- In a future involving more online instruction than any of us ever imagined, it will be crucial to meticulously design factors like learner navigation, interactive recordings, feedback loops, exams and office hours in order to maximize learning potential within the virtual environment.
A leading British space scientist thinks there is life under the ice sheets of Europa.
- A British scientist named Professor Monica Grady recently came out in support of extraterrestrial life on Europa.
- Europa, the sixth largest moon in the solar system, may have favorable conditions for life under its miles of ice.
- The moon is one of Jupiter's 79.
Neil deGrasse Tyson wants to go ice fishing on Europa<div class="rm-shortcode" data-media_id="GLGsRX7e" data-player_id="FvQKszTI" data-rm-shortcode-id="f4790eb8f0515e036b24c4195299df28"> <div id="botr_GLGsRX7e_FvQKszTI_div" class="jwplayer-media" data-jwplayer-video-src="https://content.jwplatform.com/players/GLGsRX7e-FvQKszTI.js"> <img src="https://cdn.jwplayer.com/thumbs/GLGsRX7e-1920.jpg" class="jwplayer-media-preview" /> </div> <script src="https://content.jwplatform.com/players/GLGsRX7e-FvQKszTI.js"></script> </div>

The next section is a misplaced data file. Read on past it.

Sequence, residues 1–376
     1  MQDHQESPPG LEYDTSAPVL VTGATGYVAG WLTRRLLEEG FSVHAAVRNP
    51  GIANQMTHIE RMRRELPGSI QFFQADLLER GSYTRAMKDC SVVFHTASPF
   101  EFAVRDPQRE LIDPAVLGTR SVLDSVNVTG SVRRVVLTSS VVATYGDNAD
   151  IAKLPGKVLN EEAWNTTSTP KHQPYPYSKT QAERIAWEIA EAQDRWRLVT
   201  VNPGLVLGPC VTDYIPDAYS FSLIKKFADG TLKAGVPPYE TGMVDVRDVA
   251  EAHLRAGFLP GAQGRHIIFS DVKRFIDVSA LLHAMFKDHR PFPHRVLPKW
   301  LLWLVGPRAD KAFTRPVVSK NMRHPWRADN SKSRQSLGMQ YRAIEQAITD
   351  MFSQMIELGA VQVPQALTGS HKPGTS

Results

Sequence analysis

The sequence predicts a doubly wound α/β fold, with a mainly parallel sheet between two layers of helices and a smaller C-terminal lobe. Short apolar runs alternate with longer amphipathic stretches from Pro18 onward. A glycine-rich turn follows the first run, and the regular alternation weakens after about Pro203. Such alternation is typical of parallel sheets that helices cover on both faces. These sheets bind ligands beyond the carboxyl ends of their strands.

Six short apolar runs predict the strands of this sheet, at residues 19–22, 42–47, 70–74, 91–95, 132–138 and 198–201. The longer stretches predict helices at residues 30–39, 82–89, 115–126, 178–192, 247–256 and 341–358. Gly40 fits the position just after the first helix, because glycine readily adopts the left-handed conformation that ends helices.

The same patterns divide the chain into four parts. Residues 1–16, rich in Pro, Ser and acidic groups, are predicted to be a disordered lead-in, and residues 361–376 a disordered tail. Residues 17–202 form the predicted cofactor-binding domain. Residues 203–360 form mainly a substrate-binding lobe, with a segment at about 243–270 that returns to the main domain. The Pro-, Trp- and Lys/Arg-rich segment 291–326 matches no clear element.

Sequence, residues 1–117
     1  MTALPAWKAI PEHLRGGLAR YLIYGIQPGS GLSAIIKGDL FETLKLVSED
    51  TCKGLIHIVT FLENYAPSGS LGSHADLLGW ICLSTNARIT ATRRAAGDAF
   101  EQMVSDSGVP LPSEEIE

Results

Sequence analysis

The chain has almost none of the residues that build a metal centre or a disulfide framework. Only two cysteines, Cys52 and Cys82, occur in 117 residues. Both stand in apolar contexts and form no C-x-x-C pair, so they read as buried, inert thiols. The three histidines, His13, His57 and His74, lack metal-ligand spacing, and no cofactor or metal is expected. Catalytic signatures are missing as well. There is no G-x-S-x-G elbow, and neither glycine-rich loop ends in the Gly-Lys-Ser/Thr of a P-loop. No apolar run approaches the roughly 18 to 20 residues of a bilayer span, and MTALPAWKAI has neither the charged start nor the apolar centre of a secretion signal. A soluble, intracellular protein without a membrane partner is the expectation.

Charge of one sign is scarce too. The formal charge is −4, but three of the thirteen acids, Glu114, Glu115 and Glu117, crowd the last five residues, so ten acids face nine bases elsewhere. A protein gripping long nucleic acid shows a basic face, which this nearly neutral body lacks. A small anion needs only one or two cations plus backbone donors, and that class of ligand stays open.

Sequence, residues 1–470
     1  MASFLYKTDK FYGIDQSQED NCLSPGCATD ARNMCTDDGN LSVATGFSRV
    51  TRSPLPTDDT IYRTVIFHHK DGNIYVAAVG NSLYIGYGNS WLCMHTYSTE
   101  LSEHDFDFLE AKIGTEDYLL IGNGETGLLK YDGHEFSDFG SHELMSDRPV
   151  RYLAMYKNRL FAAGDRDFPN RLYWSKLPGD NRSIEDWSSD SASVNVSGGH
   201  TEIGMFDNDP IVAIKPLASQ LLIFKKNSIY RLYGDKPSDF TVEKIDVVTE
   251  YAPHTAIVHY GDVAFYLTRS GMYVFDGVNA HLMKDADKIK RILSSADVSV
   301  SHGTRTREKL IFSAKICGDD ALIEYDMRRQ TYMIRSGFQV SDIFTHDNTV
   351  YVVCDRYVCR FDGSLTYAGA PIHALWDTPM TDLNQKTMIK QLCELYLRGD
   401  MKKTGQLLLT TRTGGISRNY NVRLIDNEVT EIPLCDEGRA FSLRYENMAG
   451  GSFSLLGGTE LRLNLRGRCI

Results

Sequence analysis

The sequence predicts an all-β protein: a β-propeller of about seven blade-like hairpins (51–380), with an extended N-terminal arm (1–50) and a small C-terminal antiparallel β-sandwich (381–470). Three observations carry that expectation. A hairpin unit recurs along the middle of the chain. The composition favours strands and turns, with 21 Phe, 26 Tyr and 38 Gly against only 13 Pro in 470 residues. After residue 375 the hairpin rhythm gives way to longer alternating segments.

Water Vapor Above Europa’s Surface Deteced for First Time<span style="display:block;position:relative;padding-top:56.25%;" class="rm-shortcode" data-rm-shortcode-id="9c4abc8473e1b89170cc8941beeb1f2d"><iframe type="lazy-iframe" data-runner-src="https://www.youtube.com/embed/WQ-E1lnSOzc?rel=0" width="100%" height="auto" frameborder="0" scrolling="no" style="position:absolute;top:0;left:0;width:100%;height:100%;"></iframe></span>
New study shows white dwarf stars create an essential component of life.
- White dwarf stars create carbon atoms in the Milky Way galaxy, shows new study.
- Carbon is an essential component of life.
- White dwarfs make carbon in their hot insides before the stars die.
What Are White Dwarf Stars?<span style="display:block;position:relative;padding-top:56.25%;" class="rm-shortcode" data-rm-shortcode-id="7b046e546ce994682b2553a8c978eb32"><iframe type="lazy-iframe" data-runner-src="https://www.youtube.com/embed/77a1KSxfaR0?rel=0" width="100%" height="auto" frameborder="0" scrolling="no" style="position:absolute;top:0;left:0;width:100%;height:100%;"></iframe></span>
Master negotiator Chris Voss breaks down how to get what you want during negotiations.
- Former FBI negotiator Chris Voss explains how forced empathy is a powerful negotiating tactic.
- The key is starting a sentence with "What" or "How," causing the other person to look at the situation through your eyes.
- What appears to signal weakness is turned into a strength when using this tactic.